People who play often stretch themselves. Toddlers will move the jump farther away from the couch to make it more challenging. Adults put themselves into all sorts of trials to learn new things. They climb higher mountains, they perfect their game, be it an athletic event or an artistic endeavor. All this is under the guise of doing what they want. 




It's our turn.







Tuesday, April 26, 2022

From Woods to Home to Placebos


I'm home from my cabin in the woods, and the irony is I moved out.


Not out out, as in leaving home, but I moved my office from the living room (where I had my desk) to the Wayback. The Wayback is an auxiliary building that's beyond our backyard lawn. Once, it was a dance studio with mirrors on the walls. For us, it was a shop and a storage unit. It now holds my office. 


First came the junk-be-done phase. Then the fixing up phase.


I put down a rug, bought fabric for panels, and curtained off an area. I have been preoccupied for the past week with fixing up my little hole. And now, I have a desk by a window, and a curtained bubble to hold in heat.


 The irony is that at 7 a.m. this morning, the sun hit me smack-dab in the eyes and wiped out my view of the screen. And my coffee didn't stay hot past two sips.


Most projects take some fine-tuning.



It appears that my excursion into the woods kicked me into action.  


"I went to the woods because I wished to live deliberately, to front only the essential facts of life, and see if I could not learn what it had to teach, and not when I came to die, discover that I had not lived."— Henry David Thoreau. 


So, what is living deliberately?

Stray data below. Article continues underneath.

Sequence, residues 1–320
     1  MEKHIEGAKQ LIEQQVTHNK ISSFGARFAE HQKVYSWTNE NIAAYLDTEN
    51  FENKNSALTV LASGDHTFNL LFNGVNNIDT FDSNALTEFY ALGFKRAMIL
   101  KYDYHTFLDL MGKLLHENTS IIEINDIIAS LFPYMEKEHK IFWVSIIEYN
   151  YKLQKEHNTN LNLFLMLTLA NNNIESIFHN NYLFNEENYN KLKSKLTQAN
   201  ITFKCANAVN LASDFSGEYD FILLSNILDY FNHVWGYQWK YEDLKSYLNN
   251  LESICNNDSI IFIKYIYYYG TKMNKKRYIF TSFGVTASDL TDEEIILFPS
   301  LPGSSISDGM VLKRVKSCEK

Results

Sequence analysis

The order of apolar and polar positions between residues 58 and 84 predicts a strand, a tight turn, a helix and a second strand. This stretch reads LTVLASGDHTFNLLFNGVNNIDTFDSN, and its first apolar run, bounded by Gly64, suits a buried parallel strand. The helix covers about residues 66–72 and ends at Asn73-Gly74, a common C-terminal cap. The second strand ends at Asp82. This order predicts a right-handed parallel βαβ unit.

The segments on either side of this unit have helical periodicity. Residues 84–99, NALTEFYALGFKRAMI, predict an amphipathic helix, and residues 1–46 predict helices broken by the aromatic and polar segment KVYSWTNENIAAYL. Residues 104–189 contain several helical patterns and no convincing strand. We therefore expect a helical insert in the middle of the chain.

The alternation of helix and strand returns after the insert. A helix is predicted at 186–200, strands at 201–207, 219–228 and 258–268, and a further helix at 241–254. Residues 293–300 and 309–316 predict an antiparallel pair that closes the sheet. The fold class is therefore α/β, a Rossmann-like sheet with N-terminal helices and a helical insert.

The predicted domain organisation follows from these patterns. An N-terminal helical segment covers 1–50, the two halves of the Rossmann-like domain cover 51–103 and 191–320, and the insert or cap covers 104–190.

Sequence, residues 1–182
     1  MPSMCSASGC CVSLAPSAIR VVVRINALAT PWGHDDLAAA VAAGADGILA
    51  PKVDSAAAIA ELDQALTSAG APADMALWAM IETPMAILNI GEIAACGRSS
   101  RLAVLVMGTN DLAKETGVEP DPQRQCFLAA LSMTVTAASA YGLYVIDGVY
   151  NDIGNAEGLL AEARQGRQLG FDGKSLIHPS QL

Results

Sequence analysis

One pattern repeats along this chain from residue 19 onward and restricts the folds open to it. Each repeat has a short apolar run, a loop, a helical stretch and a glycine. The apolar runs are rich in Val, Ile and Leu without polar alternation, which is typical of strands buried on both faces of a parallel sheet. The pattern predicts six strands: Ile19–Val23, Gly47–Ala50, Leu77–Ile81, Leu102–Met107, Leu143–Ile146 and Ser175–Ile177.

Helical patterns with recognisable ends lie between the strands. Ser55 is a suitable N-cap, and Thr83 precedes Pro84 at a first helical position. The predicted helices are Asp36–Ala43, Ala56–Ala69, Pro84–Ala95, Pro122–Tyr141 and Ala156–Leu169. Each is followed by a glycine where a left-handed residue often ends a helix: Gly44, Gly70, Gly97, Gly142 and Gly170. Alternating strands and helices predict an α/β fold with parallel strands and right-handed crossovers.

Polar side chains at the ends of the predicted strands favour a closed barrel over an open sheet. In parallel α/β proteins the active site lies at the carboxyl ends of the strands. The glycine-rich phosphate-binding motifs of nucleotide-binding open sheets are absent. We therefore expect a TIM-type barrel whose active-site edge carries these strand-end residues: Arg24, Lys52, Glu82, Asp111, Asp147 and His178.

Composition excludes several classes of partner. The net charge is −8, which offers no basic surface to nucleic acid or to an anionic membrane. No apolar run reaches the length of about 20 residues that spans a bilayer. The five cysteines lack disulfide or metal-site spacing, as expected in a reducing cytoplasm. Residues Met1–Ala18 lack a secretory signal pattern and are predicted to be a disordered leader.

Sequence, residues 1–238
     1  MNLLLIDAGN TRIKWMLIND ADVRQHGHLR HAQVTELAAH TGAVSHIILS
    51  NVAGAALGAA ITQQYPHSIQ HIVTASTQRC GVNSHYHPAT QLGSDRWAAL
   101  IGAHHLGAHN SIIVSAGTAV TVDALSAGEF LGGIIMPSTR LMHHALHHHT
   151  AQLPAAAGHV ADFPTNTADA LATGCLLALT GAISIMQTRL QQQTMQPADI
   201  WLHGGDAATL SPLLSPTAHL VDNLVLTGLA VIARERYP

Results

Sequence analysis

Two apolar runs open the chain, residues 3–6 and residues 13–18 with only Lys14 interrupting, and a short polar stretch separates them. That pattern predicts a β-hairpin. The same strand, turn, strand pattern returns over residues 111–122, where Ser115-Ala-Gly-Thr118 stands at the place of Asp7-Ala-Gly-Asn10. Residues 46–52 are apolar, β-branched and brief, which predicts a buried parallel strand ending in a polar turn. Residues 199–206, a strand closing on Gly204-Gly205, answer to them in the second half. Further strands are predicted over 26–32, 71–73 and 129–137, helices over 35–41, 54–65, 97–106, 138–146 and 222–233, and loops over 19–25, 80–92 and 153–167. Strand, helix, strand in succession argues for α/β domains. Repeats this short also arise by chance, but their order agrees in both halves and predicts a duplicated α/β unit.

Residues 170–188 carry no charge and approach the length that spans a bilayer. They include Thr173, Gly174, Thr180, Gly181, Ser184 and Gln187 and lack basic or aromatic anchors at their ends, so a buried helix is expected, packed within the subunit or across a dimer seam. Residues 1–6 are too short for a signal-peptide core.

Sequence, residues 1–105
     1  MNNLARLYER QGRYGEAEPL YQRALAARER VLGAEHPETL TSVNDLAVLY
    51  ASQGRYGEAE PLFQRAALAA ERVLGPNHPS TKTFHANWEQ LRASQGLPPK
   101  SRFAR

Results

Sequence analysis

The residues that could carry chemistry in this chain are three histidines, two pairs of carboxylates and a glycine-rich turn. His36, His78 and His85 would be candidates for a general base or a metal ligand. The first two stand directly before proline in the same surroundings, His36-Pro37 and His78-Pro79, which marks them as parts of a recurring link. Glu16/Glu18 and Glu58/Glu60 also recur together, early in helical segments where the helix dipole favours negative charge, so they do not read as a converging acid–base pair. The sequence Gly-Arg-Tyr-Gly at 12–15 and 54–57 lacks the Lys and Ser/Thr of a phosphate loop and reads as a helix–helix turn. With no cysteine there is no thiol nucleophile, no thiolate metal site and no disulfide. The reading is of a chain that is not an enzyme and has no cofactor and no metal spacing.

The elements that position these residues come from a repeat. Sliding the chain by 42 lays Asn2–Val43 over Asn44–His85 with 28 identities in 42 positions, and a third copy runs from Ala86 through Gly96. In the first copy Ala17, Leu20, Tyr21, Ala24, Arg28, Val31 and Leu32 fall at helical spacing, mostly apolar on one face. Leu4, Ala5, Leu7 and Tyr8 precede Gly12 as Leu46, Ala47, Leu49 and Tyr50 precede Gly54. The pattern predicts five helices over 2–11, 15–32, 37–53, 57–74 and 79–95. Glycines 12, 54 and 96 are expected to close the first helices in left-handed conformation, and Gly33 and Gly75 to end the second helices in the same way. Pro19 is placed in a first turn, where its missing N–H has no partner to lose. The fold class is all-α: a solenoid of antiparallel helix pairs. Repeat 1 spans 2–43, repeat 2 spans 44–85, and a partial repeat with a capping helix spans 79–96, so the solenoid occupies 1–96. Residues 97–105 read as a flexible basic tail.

For me, it's stepping out of the footprints I walked in yesterday. It is consciously deciding rather than reacting. It is living rather than enduring. 


If that sounds lofty, remember I went to the woods for only two days, Thoreau went for I don't know how long. Maybe I dare not stay longer—I might move to another country.


While at the cabin, I read Joe Dispenza's book You are Your Own Placebo. As I have mentioned in other blogs, I am interested in how the brain works and how we change beliefs. The Placebo effect is further evidence of the power of the mind.


An off sung phrase is, "If you don't take command of your own through processes, someone will do it for you." And, in clearing out files, I found a quote by Terry Cole-Whittaker: "Misery is a business plan."


First, you give a person a problem, then offer a solution. It works.


Yes, and a woman needs to have a new outfit for every occasion. 


Buy more clothes. 


And here I wanted to talk about Placebos, which intrigue me, for it's another window into the workings of the mind. 


Some say the Placebo effect is all in your mind, thus trivializing its miracle. "It happens," doctors say, "cancer goes into remission." They have discounted the mind-change the person went through to change their physiology. 


When a doctor tells a patient they have three months to live, they are usually dead in three months.   


One night Joseph McClendon III came home around midnight after a seminar. As he fiddled with his keys trying to get into the house, he heard his answering machine come on.